People of color are disproportionately affected by social issues such as lack of proper health care, continued police brutality, homelessness, lack of adequate housing, and evictions. All of this has put members of racial and minority groups at an increased risk and vulnerability during the COVID-19 pandemic. 

In this context, the killing of George Floyd, whose video was viewed around the world, aroused the indignation and anger of citizens, especially young people, who decided to take their rage to the streets.

The demonstrations finally lead to important changes, such as:
– The American Civil Liberties Union (ALCU) and Human Rights Network successfully advocated for organizing a hearing at the UN Human Rights Council on Police Violence and Structural Racism.
– Utilizing vacant hotels to house homeless and essential workers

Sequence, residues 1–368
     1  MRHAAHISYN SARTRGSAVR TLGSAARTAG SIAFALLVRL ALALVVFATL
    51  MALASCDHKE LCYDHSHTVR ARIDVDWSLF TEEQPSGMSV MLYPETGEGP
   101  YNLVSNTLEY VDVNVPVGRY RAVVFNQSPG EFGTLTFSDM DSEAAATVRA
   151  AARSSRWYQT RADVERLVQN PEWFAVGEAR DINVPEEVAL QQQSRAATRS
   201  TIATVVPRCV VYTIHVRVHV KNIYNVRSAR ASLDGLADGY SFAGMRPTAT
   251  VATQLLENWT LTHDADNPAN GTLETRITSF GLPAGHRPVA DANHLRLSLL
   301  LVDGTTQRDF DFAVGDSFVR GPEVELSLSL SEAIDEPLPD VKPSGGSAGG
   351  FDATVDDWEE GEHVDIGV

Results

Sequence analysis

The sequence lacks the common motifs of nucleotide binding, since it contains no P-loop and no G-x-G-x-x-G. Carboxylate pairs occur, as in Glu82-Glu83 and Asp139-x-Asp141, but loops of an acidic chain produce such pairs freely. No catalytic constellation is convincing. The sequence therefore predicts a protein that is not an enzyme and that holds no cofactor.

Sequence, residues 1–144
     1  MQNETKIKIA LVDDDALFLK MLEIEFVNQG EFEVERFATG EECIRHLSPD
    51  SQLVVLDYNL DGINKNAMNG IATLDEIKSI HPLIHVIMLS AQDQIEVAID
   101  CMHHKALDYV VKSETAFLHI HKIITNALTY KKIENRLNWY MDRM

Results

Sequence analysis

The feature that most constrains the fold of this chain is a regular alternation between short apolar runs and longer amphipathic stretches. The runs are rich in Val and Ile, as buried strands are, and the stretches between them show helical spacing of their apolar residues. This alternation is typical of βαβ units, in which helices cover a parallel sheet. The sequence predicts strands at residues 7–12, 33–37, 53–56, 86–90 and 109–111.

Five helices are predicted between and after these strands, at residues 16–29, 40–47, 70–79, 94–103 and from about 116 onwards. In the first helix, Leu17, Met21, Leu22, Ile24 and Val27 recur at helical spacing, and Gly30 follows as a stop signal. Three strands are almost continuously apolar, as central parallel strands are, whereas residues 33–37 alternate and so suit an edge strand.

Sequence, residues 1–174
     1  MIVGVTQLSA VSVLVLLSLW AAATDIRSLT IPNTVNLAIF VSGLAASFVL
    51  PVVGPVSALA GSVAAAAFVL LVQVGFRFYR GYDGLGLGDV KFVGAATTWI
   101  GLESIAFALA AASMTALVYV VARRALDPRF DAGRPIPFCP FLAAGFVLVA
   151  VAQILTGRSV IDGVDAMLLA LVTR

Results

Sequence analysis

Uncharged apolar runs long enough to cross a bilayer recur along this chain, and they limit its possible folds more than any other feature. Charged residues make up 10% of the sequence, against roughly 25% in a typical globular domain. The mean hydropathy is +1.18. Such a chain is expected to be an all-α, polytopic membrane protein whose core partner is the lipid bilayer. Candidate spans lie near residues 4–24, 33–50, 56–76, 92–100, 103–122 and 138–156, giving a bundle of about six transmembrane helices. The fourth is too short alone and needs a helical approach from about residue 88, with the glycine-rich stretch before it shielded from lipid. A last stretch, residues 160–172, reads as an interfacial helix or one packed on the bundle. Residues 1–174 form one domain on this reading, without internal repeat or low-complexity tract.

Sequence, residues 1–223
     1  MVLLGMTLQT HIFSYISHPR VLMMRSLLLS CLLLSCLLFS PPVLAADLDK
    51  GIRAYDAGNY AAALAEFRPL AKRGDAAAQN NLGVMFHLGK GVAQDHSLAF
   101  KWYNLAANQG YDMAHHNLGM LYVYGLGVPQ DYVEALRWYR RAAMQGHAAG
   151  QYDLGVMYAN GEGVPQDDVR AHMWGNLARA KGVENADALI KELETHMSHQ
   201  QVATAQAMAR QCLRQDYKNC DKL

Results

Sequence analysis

– Housing & evictions campaigns: “cancel rent”, “cancel debt”, “cancel mortgages” led by : NYC Right to Counsel Coalition ; NYS Housing Justice for All ; Coalition Center for Popular Democracy and National People’s Action

Thanks to all the speakers :

  • Amanda Flety, Committee on Social Inclusion, Participatory Democracy and Human Rights | United Cities and Local Governments (UCLG) 
  • Angela Mwai, Acting Chief, Human Rights, and Social Inclusion Unit, UN-Habitat
  • Nelson Saule, GPR2C Support Team
  • Rachel Moussie, Deputy Social Protection Director, WIEGO 
  • Maira Vannucchi, StreetNet International
  • Maite Rodriguez Blandon, GPR2C Women, Gender and Diversity WG, Women and Habitat Network 
  • Robert Robinson, International Alliance of Inhabitants
  • Roi Chiti, Chief Technical Advisor, UN-Habitat
  • Violet Shivutse, GPR2C Women, Gender and Diversity WG, Huairou Commission
  • Xinia Navarro, Secretary of Social Integration, City of Bogota 


See all the presentations here

Watch the entire event here